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Research@Mines - by Subject
Robotics

The Potential Power of Autonomous Flying Swarms

Shankarachary Ragi, Ph.D. an assistant professor of electrical engineering at Mines holds three hummingbird sized drones that his team is working with.

If you’ve ever marveled at a flock of birds moving in complex patterns as if it were one single large organism, you’re not alone. Researchers at South Dakota School of Mines & Technology are working to infuse similar cooperative behavior on a collection of flying robots. This is not an easy task, birds have millions of years of evolution that allow them to flock, researchers developing swarm robotics are writing mathematical models to mimic some of this behavior. Developing the ability for drones to work together in swarms could have wide-ranging applications­—from agriculture to military use. But many scientific hurdles remain.

“These decision-making problems are very challenging because each independent robot in the swarm has to predict how others will behave in the future and then make its own decisions accordingly,” says Shankarachary Ragi, Ph.D., an assistant professor in the Department of Electrical and Computer Engineering at SD Mines who is leading the research. Ragi and his team are helping to develop mathematical models, or algorithms, that enable these kinds of cooperative behaviors in drones.

Decades ago, computer scientists realized they could build a virtual supercomputer by making several normal- sized computers work together in a n...

Last Edited 2/12/2019 08:11:08 AM [Comments (0)]

SD Mines Students Develop Free Robot Programming Simulator

The RoboScience Simulator looks like a rudimentary video game on the screen, but gets the job done when it comes to teaching students to code. Pictured below: Members of the RoboScience Simulator senior design team include computer science majors (pictured) Samuel Williams, Kendra Deziel and Ryley Sutton. Team members not pictured are Christopher Smith, a master’s student in computational sciences and robotics, and computer science major Andrew Stelter.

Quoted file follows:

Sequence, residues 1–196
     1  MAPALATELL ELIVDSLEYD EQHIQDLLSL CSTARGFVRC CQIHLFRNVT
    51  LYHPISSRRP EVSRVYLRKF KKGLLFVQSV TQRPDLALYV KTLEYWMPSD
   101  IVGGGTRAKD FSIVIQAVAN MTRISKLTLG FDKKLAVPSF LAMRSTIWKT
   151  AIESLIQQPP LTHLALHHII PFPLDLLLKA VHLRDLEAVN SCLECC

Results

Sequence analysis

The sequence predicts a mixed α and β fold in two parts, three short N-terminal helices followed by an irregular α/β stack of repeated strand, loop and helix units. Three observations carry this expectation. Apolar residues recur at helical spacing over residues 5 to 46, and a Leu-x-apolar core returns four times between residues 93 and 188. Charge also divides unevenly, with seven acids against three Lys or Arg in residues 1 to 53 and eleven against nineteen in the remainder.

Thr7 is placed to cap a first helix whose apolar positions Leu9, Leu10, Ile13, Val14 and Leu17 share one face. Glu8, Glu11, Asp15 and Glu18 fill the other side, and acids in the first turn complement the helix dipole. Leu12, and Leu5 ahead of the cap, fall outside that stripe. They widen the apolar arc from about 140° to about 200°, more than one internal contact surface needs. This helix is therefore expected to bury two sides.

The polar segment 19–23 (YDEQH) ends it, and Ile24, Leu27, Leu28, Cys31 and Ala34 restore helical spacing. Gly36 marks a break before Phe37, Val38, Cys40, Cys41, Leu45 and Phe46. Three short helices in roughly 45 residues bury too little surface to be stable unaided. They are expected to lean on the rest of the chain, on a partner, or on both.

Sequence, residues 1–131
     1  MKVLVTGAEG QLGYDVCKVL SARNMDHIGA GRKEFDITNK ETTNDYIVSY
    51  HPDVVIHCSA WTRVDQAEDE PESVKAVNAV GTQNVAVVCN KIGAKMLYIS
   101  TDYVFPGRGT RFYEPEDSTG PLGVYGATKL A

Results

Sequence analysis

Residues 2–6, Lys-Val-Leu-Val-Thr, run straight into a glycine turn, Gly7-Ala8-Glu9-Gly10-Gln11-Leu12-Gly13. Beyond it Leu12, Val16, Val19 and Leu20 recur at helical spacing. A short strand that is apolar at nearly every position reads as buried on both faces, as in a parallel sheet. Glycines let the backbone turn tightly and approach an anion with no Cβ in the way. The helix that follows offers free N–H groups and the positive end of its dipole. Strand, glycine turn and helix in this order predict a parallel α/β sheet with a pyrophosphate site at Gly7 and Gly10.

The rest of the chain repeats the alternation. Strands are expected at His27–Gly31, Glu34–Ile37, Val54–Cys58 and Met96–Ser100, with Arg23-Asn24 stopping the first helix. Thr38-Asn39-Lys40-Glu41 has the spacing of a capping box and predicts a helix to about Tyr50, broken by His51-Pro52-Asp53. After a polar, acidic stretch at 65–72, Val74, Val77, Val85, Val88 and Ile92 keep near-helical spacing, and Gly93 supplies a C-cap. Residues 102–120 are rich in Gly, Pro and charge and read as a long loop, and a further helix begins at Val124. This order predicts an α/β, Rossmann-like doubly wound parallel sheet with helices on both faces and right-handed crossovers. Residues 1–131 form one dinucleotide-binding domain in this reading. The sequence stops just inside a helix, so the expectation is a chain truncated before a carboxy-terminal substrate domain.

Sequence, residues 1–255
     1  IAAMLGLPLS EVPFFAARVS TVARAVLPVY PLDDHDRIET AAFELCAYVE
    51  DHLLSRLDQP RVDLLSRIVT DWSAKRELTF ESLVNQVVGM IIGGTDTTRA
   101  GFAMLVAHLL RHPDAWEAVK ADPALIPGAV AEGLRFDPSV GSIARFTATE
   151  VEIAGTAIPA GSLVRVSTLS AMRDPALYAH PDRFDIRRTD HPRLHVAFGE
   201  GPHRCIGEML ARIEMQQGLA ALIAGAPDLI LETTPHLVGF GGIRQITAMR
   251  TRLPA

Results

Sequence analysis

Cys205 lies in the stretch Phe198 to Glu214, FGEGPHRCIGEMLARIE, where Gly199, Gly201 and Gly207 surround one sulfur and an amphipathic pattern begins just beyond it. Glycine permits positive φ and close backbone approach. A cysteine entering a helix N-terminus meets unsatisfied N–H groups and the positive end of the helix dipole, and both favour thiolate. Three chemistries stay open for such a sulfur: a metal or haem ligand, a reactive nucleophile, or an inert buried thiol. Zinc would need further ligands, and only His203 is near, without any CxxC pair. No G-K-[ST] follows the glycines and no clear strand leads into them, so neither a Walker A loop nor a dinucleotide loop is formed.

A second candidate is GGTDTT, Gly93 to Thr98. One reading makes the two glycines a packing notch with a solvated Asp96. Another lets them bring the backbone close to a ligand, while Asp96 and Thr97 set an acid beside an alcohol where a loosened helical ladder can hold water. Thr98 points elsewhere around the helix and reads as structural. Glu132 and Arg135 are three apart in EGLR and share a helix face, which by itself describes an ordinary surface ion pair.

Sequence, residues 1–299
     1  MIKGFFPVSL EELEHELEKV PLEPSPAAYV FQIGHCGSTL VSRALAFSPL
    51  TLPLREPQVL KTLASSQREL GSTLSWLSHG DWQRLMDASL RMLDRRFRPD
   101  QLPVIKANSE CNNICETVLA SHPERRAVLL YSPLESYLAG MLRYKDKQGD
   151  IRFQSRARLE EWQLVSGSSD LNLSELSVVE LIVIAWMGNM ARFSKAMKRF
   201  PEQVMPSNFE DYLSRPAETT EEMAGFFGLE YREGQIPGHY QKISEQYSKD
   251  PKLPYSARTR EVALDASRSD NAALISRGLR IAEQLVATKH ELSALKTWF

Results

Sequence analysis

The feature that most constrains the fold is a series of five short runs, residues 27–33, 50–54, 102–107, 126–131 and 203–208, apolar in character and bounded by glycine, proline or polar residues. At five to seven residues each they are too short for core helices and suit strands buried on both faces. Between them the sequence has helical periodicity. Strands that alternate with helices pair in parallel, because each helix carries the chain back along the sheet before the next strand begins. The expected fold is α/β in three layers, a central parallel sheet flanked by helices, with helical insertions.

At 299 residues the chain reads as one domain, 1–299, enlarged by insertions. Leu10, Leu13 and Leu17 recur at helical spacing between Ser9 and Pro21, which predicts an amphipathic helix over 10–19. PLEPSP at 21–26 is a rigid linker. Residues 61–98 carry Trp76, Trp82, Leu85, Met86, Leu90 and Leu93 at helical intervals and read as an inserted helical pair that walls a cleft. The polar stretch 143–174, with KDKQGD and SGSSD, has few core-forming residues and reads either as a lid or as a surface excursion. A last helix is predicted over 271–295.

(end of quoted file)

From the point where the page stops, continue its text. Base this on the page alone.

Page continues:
Robot Programming Simulator

When it comes to programming actual robots, things get very expensive, very quickly.

“Robots are unforgiving,” says Dr. Jeffrey McGough, professor of mathematics and computer science at South Dakota School of Mines & Technology. “And maintenance of robots is painful.”

Students learning to program autonomous robots often spend more time repairing them after they are damaged as a result of coding mistakes than they do learning to actually program. An incorrectly programmed robot might drive off a table top or crash into a wall, requiring hours of hands-on repair work, McGough says.

McGough began looking for curriculum and/or software to teach his students robot programming seven years ago. He quickly realized there was little available. He experimented with a Roomba Robot Vacuum, but the maintenance costs quickly added up.

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Last Edited 2/25/2019 04:30:13 PM [Comments (0)]